Updated from : The Straits Times, 2 July 2020
Housing Board resale prices increased marginally in the second quarter of this year amid the Covid-19 outbreak, compared with the first quarter of the year.
The resale price index was 131.8, up 0.2 per cent from the previous quarter, according to HDB flash estimates released yesterday. The prices rose marginally after staying flat in the first quarter of the year.
HDB will release the final figures, with more detailed public housing data, on July 24.
OrangeTee and Tie’s head of research and consultancy Christine Sun said that prices of HDB resale flats had remained relatively stable over the last two quarters, considering that “the macroeconomy is now in completely uncharted waters”.
However, she noted that the HDB resale volume had plummeted significantly in April and May, with only 789 resale flat transactions.
Compared with the same months last year, when 3,985 resale flats were sold, Ms Sun said that last quarter’s low resale volume can be largely attributed to the pandemic and the barring of house viewings during the circuit breaker period.
Therefore, since physical house viewings cannot be conducted, resale demand “naturally” declined.
However, she noted that despite the low sales volume, prices remained relatively firm, indicating that there is little panic selling in the market during the pandemic, which was likely thanks to the hefty stimulus package rolled out by the Government in recent months. “We will likely not see huge price cuts as long as the economy does not deteriorate badly and the unemployment rate remains moderate. We may expect the overall HDB resale price to trend between minus 2 per cent and 1 per cent this year,” she said.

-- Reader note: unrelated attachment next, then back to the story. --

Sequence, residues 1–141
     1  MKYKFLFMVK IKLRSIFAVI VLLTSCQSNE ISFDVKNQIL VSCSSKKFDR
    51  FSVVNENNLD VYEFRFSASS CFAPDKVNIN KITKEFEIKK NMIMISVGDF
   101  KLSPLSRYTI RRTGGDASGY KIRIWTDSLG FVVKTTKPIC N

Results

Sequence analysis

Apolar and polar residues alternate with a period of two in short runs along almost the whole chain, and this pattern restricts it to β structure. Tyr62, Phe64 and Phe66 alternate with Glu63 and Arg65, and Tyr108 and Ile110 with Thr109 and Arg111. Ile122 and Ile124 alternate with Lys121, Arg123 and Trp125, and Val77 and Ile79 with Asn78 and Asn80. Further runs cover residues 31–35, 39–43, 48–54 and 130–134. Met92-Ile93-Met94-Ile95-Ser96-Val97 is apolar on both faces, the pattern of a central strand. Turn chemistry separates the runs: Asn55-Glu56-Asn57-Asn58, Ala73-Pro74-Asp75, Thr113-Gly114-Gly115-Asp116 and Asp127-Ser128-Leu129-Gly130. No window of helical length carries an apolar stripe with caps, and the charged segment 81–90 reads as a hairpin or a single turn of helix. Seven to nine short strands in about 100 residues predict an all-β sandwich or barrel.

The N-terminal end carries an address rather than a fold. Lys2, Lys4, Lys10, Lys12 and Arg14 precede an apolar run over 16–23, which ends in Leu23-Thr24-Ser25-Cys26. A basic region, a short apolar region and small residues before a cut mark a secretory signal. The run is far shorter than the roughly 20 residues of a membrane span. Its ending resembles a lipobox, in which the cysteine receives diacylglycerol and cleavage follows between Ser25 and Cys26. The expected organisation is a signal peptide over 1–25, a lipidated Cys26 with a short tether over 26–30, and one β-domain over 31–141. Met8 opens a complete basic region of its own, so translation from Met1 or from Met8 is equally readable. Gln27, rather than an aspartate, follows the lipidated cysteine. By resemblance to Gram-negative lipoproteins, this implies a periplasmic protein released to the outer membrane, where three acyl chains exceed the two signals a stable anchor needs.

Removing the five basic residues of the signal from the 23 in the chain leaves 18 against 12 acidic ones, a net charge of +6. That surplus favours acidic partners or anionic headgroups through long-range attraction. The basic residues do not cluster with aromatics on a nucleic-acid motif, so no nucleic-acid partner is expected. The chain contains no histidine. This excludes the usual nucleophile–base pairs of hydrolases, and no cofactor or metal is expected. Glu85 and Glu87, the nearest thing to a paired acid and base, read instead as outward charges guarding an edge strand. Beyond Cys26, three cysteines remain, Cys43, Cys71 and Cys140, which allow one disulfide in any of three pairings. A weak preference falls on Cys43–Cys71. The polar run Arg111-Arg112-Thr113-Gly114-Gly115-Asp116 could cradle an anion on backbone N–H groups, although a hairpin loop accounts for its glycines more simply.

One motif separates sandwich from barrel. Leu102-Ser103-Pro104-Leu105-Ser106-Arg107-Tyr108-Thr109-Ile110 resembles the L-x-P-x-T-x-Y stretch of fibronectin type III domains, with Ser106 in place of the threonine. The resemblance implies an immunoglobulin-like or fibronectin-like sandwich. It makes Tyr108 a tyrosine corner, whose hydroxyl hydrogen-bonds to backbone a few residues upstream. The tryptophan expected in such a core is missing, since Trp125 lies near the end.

In addition, home owners may view their properties differently amid the circuit breaker period, and many may value their homes more given the work-from-home arrangements. Therefore, many may be unwilling to sell their units at highly discounted prices.
In the long run, other factors such as the supply of Build-To-Order flats and the number of flats reaching minimum occupation period could have a greater impact on the HDB resale market, Ms Sun added.
HDB said that it will offer about 7,800 BTO flats in Ang Mo Kio, Bishan, Choa Chu Kang, Geylang, Pasir Ris, Tampines, Tengah and Woodlands next month. Another 5,700 flats in Bishan, Sembawang, Tampines, Tengah and Toa Payoh will be available in November.
Of these, the flats in Choa Chu Kang, Tampines North and Tengah will have a shorter waiting time of two to three years, compared with the usual three to four years.
“Physical house viewings are important for the resale market as most buyers would prefer a physical inspection of the premises before making a purchase,” she said.